Author: Salesian Missions

Publication Date: May 31, 2024

Overcoming Humanitarian Crises

Across Ethiopia, clean water for drinking, cooking and crops is so scarce that it drives people to desperate measures just to get their hands on a small jug of it. It’s a disaster of poverty so large that it should register as a humanitarian crisis but instead, it’s an unfortunate reality of everyday life.

“For nearly a decade, widespread drought has been baked into Ethiopia’s collective experience just like the crops left to wither in the dry, cracked ground,” explains Father Michael Conway, director of Salesian Missions. “The rest of the world has mostly become desensitized to the struggle. But for the millions of people whose very survival depends on finding clean water, this crisis is front and center.”

The drought leads to a cascading series of daily emergencies including hunger, illness and the inability to attend school or earn money. It’s no wonder that the country’s average life expectancy is under 50 years!

And it’s not just in Ethiopia, either. In nearly every single one of the 130+ countries where our missionaries serve, desperately impoverished children and their families face heartbreaking personal catastrophes that should garner global attention—but don’t. As a result, their very lives and futures are at stake.

“It’s human nature to gravitate toward the sensational,” Fr. Mike says, “and unfortunately there’s no shortage of that in today’s headlines. But people’s need for compassion and material help is no less dire—or deserving—just because their suffering doesn’t make the news.”

And that’s where our missionaries shine—stepping in to lead measurable change. In Gambella, Ethiopia, for example, one dedicated Salesian missionary has quietly raised money for, and helped oversee, the construction of 30 wells. Fr. Filippo Perin has been helping to bring water to this community since 2008 and has no intention of slowing down.

“Living here, I touched with my own hands the suffering, the critically challenging aspects of this beautiful land,” he recently explained to the Vatican News. “Just think, life expectancy here is below 50 years. There is a lack of food; people have only one meal a day. There are no hospitals, and the local clinics only distribute two medicines—paracetamol and amoxicillin, a broad-spectrum antibiotic for various types of infections. Nothing else. Young people and children fall ill and die from diseases that are curable in other parts of the world. There are no schools; education is not even a priority for governments, so it is often entrusted to the Church or humanitarian organizations that perform this important task as best they can.”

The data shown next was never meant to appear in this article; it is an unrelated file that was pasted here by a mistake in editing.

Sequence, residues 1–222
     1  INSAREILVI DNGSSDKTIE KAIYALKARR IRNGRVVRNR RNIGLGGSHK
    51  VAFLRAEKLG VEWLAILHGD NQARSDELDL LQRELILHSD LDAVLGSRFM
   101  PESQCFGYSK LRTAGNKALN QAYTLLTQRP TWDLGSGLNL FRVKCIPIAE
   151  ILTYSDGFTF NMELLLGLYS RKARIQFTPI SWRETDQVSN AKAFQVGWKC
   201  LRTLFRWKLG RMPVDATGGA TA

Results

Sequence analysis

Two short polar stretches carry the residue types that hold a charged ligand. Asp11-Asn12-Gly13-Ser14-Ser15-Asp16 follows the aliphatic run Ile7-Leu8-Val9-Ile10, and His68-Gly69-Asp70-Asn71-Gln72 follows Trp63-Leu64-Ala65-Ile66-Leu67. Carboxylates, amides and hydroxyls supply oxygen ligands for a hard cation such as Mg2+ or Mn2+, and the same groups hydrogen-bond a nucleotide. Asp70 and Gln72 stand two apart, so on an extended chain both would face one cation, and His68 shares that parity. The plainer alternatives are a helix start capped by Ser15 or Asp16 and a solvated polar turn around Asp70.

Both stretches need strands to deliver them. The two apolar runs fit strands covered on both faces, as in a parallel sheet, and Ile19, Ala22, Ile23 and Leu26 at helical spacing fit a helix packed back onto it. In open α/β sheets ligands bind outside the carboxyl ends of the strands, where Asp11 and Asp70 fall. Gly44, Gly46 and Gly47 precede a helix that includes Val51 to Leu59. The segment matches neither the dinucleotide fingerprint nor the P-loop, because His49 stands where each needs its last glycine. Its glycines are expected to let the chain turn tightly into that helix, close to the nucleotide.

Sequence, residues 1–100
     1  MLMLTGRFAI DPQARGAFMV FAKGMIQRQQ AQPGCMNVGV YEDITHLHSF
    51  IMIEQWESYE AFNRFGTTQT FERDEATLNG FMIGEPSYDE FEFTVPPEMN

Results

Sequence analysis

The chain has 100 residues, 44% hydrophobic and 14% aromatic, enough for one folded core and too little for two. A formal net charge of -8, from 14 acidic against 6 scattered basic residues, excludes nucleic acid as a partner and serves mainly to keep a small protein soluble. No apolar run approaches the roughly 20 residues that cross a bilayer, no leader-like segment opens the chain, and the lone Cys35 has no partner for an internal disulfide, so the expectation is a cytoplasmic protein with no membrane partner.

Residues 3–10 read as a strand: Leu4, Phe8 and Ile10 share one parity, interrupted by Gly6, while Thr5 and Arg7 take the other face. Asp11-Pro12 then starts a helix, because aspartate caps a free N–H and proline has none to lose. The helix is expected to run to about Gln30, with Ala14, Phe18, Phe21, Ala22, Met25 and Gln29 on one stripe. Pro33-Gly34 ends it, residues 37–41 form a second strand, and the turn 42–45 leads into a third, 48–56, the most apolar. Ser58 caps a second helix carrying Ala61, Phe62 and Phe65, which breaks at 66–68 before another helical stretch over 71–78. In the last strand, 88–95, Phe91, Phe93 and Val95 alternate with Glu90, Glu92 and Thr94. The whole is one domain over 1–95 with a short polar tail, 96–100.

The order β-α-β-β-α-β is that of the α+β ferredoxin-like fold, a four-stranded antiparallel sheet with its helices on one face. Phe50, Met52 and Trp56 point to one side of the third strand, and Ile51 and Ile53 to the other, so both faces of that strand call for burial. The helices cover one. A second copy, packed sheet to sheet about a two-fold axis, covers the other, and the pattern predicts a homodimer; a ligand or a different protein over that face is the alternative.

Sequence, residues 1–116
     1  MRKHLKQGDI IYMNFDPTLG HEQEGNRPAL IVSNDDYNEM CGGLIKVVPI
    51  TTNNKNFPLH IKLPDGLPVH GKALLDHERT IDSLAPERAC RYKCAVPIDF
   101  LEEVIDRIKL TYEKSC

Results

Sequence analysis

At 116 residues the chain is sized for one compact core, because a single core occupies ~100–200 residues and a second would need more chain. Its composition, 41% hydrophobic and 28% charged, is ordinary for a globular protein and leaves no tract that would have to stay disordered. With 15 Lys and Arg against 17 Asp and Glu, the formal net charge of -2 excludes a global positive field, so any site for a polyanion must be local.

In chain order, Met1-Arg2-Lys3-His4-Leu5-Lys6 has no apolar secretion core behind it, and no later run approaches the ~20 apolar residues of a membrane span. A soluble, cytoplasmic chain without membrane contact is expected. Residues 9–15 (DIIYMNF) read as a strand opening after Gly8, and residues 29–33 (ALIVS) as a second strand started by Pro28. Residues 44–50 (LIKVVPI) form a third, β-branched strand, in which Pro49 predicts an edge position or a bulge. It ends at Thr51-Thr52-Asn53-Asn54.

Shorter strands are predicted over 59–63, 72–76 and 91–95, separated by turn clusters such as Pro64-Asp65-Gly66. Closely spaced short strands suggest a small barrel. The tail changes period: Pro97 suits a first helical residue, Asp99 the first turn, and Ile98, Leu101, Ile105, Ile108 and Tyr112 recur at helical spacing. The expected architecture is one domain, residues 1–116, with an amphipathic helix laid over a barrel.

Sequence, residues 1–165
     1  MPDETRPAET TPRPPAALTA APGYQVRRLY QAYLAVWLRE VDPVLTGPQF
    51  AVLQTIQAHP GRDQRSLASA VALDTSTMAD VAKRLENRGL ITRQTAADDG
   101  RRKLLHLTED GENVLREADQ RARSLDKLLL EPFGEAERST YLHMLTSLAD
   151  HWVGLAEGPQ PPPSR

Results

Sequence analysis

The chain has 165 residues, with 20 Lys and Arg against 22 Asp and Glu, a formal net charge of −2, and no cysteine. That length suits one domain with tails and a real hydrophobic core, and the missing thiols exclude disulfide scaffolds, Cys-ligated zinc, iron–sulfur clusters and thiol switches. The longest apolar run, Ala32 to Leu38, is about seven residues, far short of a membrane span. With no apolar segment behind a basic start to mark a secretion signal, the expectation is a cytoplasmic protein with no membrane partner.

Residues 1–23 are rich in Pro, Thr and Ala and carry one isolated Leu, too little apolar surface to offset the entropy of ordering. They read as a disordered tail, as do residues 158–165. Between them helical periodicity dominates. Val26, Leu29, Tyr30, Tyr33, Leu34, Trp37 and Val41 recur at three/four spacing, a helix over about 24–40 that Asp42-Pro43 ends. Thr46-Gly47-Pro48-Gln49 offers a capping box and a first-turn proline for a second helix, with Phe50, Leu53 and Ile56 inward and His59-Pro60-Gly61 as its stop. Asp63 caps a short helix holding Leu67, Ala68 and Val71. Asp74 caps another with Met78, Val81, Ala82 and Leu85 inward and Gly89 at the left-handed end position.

To outsiders, the situation may seem hopeless. But not so for Fr. Filippo, who witnesses the profound difference that one single well can make for an entire village.

“When the water first comes out, the whole village erupts in celebration,” he said in the article. “People arrive to fill up jugs, they drink the clean water, they wash their hands and faces, and they dance with joy! They all stand around the well for hours and realize what a great gift they have received!”

Generous supporters like you make miracles like these possible around the world. Together with our dedicated missionaries, you help provide safe water, clean clothes, basic medicine, and temporary shelter for children and families with nowhere else to turn. At the same time, you support comprehensive programs that address the root causes of poverty-driven emergencies for so many people. And we are tremendously grateful.

Learn more about our work in Ethiopia.

Our mission addresses the many crises of poverty by offering compassion and material support for children and families in need. What’s your mission?

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*Any goods, services or funds provided by Salesian Missions to programs located in this country were administered in compliance with applicable laws and regulations, including sanctions administered by the U.S. Department of Treasury’s Office of Foreign Asset Control.